Recall finally received a $2.2bn bid from Iron Mountain. It was pitched at $7 a share, and is about 80% scrip. UBS reckons Iron Mountain could pay $8 a share for REC and still generate about 15% accretion to cash flow per share. This assumes $130m in cost synergies (5% of the combined cost base).
Santos was forced to delay its putative debt raising until market conditions improve. This puts its progressive dividend policy under threat.
Telstra negotiated a four year NBN deal worth $390m to assist NBN Co with their modified rollout plans.
Rates / FX / Commodities
The commodity complex posted further losses in December. Overall in 2014 commodities posted their biggest annual loss since 2008, and have retreated for four years running now. The Bloomberg Commodity Index, which tracks 22 products from crude to copper, dropped 16%. Energy prices retreated in 2014 as a jump in U.S. drilling sparked a surge in output and a price war with OPEC, which chose to maintain supplies to try to retain market share. A slowdown in China also hurt demand for raw materials as policy makers grappled with a property slowdown. Commodities have tended to do poorly in years of dollar strength, which looks set to continue. The Bloomberg Dollar Spot Index, which tracks the U.S. currency against major peers, advanced 11% in 2014.
Although the U.S. and U.K. central banks will be scaling back stimulus in 2015, Credit Suisse reckons that the ECB and Bank of Japan will more than compensate with total balance sheet growth of $1.3trn. That would mean a monetary expansion of 13% in 2015, versus 5% in 2014. Meanwhile markets were initially disappointed by the lack of action from the ECB at December’s meeting. However two bank officials suggested the bank will consider putting in place a bond-buying program next month that may include a broad range of assets (but no equities or gold). Draghi also indicated strongly that he would not allow any blockage of necessary action, clearly aimed at Germany.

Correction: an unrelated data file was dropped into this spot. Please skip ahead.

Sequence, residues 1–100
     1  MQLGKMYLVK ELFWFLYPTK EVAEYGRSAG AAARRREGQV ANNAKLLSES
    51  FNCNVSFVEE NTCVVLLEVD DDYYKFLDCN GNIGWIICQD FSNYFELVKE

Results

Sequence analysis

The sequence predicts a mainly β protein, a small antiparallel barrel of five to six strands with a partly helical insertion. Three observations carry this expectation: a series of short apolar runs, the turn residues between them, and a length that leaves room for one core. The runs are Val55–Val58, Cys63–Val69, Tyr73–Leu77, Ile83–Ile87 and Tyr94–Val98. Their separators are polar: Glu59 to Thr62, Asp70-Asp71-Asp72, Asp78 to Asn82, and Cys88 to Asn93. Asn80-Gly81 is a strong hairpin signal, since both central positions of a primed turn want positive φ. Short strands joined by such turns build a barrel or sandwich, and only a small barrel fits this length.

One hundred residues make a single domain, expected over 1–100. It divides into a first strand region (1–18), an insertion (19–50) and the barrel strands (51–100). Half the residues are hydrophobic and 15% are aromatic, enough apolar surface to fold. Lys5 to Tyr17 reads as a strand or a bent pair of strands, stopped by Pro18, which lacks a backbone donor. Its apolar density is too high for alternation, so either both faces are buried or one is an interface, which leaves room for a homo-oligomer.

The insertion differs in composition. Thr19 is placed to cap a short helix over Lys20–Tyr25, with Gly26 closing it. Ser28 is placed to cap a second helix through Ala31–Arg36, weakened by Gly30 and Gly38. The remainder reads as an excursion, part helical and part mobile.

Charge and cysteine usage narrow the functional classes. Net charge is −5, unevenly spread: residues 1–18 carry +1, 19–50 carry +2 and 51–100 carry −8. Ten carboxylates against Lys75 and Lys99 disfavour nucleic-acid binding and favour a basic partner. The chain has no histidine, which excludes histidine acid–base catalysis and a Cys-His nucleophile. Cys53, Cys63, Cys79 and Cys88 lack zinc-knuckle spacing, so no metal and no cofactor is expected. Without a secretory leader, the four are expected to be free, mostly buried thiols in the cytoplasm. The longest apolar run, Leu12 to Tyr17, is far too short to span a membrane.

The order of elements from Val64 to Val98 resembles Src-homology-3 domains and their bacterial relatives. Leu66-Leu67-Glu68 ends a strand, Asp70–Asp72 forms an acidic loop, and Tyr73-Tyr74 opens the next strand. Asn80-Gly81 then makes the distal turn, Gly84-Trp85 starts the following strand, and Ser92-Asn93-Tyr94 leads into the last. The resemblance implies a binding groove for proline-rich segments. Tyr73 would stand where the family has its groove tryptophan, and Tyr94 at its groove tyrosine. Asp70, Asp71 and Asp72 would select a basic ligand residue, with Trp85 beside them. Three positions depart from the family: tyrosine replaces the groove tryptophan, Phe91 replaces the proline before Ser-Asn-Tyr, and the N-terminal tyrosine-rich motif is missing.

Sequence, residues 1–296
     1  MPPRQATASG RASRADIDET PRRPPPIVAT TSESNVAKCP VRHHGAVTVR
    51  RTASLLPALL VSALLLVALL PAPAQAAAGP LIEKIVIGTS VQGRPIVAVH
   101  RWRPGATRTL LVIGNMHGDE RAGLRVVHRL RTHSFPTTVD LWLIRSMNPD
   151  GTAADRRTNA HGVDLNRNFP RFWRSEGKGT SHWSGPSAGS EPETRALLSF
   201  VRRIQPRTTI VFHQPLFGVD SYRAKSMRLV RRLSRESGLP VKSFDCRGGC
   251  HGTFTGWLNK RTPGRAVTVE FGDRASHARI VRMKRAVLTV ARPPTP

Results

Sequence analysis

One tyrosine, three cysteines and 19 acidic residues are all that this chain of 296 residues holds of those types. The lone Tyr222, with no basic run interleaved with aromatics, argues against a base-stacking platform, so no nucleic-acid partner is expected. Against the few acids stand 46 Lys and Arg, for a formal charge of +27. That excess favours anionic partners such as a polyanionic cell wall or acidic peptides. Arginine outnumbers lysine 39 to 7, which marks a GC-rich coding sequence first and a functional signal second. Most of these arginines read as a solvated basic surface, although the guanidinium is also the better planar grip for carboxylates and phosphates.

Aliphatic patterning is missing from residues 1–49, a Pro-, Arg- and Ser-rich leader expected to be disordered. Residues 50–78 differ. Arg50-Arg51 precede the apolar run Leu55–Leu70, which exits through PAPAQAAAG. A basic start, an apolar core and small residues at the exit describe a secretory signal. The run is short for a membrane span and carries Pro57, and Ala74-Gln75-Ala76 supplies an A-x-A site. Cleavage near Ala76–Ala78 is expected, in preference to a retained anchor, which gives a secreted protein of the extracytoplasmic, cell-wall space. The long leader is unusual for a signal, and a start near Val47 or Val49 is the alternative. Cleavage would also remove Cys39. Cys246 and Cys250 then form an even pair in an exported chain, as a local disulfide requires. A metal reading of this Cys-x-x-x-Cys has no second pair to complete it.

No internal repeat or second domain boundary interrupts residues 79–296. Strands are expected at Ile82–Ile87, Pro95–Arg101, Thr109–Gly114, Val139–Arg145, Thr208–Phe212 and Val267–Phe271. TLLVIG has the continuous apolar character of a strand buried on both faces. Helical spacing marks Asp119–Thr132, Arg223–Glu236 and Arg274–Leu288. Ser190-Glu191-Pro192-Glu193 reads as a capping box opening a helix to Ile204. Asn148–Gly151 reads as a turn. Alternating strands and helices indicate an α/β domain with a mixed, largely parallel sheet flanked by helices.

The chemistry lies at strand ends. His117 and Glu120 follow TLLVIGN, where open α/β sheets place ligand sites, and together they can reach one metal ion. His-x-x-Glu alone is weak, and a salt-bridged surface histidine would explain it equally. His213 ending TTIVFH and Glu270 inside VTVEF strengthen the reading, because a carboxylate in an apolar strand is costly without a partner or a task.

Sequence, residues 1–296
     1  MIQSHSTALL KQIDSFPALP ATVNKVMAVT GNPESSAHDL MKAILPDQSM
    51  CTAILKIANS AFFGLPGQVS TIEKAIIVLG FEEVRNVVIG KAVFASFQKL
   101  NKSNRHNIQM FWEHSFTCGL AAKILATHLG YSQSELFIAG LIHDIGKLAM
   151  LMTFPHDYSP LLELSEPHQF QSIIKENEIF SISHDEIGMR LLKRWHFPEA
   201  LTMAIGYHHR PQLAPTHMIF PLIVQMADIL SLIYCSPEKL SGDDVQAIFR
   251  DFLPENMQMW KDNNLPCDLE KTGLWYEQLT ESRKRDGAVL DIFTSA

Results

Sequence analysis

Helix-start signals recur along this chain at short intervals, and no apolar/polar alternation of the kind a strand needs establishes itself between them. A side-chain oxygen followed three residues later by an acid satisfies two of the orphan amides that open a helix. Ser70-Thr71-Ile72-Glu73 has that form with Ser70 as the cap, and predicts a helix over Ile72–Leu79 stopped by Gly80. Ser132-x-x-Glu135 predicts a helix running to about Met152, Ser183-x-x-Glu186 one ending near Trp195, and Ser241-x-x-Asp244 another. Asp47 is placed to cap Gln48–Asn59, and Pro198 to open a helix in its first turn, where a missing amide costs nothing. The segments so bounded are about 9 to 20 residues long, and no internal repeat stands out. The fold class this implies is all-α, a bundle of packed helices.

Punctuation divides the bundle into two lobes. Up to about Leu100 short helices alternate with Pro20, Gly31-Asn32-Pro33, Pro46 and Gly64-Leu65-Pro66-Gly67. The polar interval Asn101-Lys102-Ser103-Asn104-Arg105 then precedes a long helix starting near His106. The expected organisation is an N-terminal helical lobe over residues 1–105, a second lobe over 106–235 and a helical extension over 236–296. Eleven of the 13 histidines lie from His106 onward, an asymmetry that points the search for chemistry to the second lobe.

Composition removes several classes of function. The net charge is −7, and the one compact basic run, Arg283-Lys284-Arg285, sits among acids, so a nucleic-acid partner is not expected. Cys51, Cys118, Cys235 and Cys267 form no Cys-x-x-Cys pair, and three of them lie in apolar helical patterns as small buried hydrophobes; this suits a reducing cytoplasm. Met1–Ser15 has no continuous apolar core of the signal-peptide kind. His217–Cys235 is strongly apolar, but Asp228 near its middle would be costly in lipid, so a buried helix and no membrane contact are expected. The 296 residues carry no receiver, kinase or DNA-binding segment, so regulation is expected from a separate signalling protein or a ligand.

Russia’s central bank raised its benchmark interest rate to 17.5% from 10.5% in one move, the largest increase since the nation’s 1998 default, hoping to stem the decline in the rouble. The rouble still fell 11% the next day, and finished the year down nearly 50%.
For the Fed watchers out there – the December announcement shifted from keeping interest rates low for a “considerable time” to being “patient” on when to raise rates. This was broadly interpreted as wanting to give themselves more flexibility on when to raise rates.
In the Australian equities portfolio we trimmed our Amcor and Transurban positions after a strong rally in both names, and are looking to increase our Telstra long should we get a pullback in the share price.
In the international value portfolio we sold down Schlumberger to zero in light of the OPEC decision, and the rapidly changing fundamentals for oil. In addition we increased our holding in W.W. Grainger and Legrand as the investment case remains strong for these names, though their performance does not reflect this.
In the international growth portfolio we reduced exposure to Sumitomo Mitsui Financial Group and added Mitsubishi UFJ Financial to diversify our Japanese bank exposure. We sold LyondellBasell Industries as it is sensitive to the oil price vis-à-vis its ethylene business. We bought Wells Fargo as its focus on retail business continued to prove successful. We reduced our exposure to Google as increasing development and acquisition costs caused concern. We also reduced exposure to Skyworks to take profits after a strong run.
Please be in contact if you wish to discuss any of these themes further, or wish to make any changes to your portfolios.